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India’s Economy in 2023

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December 27, 2022

What is this article about?

This article talks about how the Indian Economy will be in 2023 - hope, challenges, and a lot of uncertainty.

What happened in 2022?

  • 2022 began with hopes of a rebound in the global economy as pandemic fears receded.
  • But the optimism was dashed early when Russia’s invasion of Ukraine triggered the biggest land conflict in Europe since World War II.
  • The overhang of the war continues to cloud the outlook for 2023, with elevated food and fuel prices threatening to upend the fight against inflation.
  • China’s uncertain post-pandemic path, and the prospect of a central bank-engineered downturn - a global recession seems imminent.
  • India may not be decoupled from all of this, even though it was bracketed with the better performing economies in 2022.

What are the growth forecasts?

  • In its December ‘State of the Economy’ update, the Reserve Bank of India noted that
    • Balance of risks is increasingly tilted towards “a darkening global outlook”, and
    • Emerging market economies appear to be “more vulnerable”.
  • But the incoming data suggest that global inflation may have peaked.
  • In that backdrop, the expectation that global growth could average around 3% in 2022 seems to be a commendable achievement.
  • The year witnessed the highest global inflation in 50 years, the most aggressive monetary tightening cycle in nearly 40 years, the strongest US dollar in 20 years, and the weakest Chinese growth in over 45 years.

Forecasts by the IMF suggest that global growth is projected to slow from 6% in 2021 to 3.2% in 2022 and 2.7% in 2023 - the weakest growth profile since 2001, except for the global financial crisis and the acute pandemic phase.

What is the external situation?

  • Global food, energy and other commodity prices may have eased moderately over the past few months, but inflation continues to stay high and broad-based.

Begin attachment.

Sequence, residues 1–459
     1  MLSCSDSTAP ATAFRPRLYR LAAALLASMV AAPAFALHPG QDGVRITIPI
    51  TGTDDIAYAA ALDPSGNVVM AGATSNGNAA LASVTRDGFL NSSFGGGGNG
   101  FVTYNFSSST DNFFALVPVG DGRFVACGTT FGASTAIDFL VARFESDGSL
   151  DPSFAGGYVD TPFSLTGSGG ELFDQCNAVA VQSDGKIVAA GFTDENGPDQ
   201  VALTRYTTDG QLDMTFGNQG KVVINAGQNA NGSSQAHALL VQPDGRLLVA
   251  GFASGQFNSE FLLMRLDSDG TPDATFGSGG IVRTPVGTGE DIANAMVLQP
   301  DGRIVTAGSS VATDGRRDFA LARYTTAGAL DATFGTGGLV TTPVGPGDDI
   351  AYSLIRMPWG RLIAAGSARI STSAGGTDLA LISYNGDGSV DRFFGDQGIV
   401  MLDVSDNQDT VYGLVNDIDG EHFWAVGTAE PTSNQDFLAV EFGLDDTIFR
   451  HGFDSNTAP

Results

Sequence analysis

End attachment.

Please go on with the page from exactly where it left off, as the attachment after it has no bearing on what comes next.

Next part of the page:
• According to the IMF, global inflation is forecast to decline from 8.8% in 2022 to 6.5% in 2023 to 4.1% by 2024 - still high by most yardsticks.
  • The problem going into 2023 is the implications of stubbornly high inflation for the US Federal Reserve.
  • An extended phase of rate hikes in the US could have a three-pronged impact.
  • Emerging markets such as India will have to continue grappling with the paradoxical situation of a strong dollar and elevated commodity prices.

What are the positive prognosis?

  • The near-term growth outlook for the Indian economy is supported by domestic drivers, some of which are reflected in the buoyant trends in high frequency indicators.

  • Twin balance sheet problem - of corporates having high levels of debt and banks saddled with bad loans on their books - looks to be on the mend.
  • Waning input cost pressures, surging corporate sales, and a turn-up in investments in fixed assets seem to indicate the beginning of an upturn in the capex cycle - contribute to a reboot of India’s growth momentum.
  • PLI scheme is offering an impetus to manufacturing, although the gains are skewed in favour of larger companies.
  • Fresh investments are expected in renewables, electric vehicles, and battery tech.
  • Bank credit has been growing in double digits, reflecting in part an uptick in investment appetite.
  • China-plus-one strategy being adopted by most multinational companies could be an opportunity.
  • This is because Beijing is vacating large amounts of space in low-skilled, unskilled labour intensive manufacturing such as textiles, shoes, leather, and ceramics, and India has a chance to fill part of this vacuum.